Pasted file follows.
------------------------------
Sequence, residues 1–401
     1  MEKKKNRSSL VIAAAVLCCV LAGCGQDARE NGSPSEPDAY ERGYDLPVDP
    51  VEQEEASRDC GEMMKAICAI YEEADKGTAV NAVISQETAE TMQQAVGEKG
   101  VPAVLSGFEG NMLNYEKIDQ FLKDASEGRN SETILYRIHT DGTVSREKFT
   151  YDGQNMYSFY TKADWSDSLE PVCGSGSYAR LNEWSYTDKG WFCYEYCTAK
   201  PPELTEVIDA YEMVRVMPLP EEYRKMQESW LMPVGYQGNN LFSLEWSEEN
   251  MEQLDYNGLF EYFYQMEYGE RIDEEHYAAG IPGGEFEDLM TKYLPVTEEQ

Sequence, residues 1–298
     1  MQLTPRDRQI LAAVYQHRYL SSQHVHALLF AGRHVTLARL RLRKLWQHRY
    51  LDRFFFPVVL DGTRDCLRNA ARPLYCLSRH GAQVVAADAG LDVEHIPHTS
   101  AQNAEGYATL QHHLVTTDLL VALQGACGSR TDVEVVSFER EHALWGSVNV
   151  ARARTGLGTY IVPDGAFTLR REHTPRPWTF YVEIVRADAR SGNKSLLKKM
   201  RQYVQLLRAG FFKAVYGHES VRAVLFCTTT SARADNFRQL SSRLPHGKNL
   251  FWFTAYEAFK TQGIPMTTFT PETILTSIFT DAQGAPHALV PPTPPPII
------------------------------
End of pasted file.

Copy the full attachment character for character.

Sequence, residues 1–401
     1  MEKKKNRSSL VIAAAVLCCV LAGCGQDARE NGSPSEPDAY ERGYDLPVDP
    51  VEQEEASRDC GEMMKAICAI YEEADKGTAV NAVISQETAE TMQQAVGEKG
   101  VPAVLSGFEG NMLNYEKIDQ FLKDASEGRN SETILYRIHT DGTVSREKFT
   151  YDGQNMYSFY TKADWSDSLE PVCGSGSYAR LNEWSYTDKG WFCYEYCTAK
   201  PPELTEVIDA YEMVRVMPLP EEYRKMQESW LMPVGYQGNN LFSLEWSEEN
   251  MEQLDYNGLF EYFYQMEYGE RIDEEHYAAG IPGGEFEDLM TKYLPVTEEQ

Sequence, residues 1–298
     1  MQLTPRDRQI LAAVYQHRYL SSQHVHALLF AGRHVTLARL RLRKLWQHRY
    51  LDRFFFPVVL DGTRDCLRNA ARPLYCLSRH GAQVVAADAG LDVEHIPHTS
   101  AQNAEGYATL QHHLVTTDLL VALQGACGSR TDVEVVSFER EHALWGSVNV
   151  ARARTGLGTY IVPDGAFTLR REHTPRPWTF YVEIVRADAR SGNKSLLKKM
   201  RQYVQLLRAG FFKAVYGHES VRAVLFCTTT SARADNFRQL SSRLPHGKNL
   251  FWFTAYEAFK TQGIPMTTFT PETILTSIFT DAQGAPHALV PPTPPPII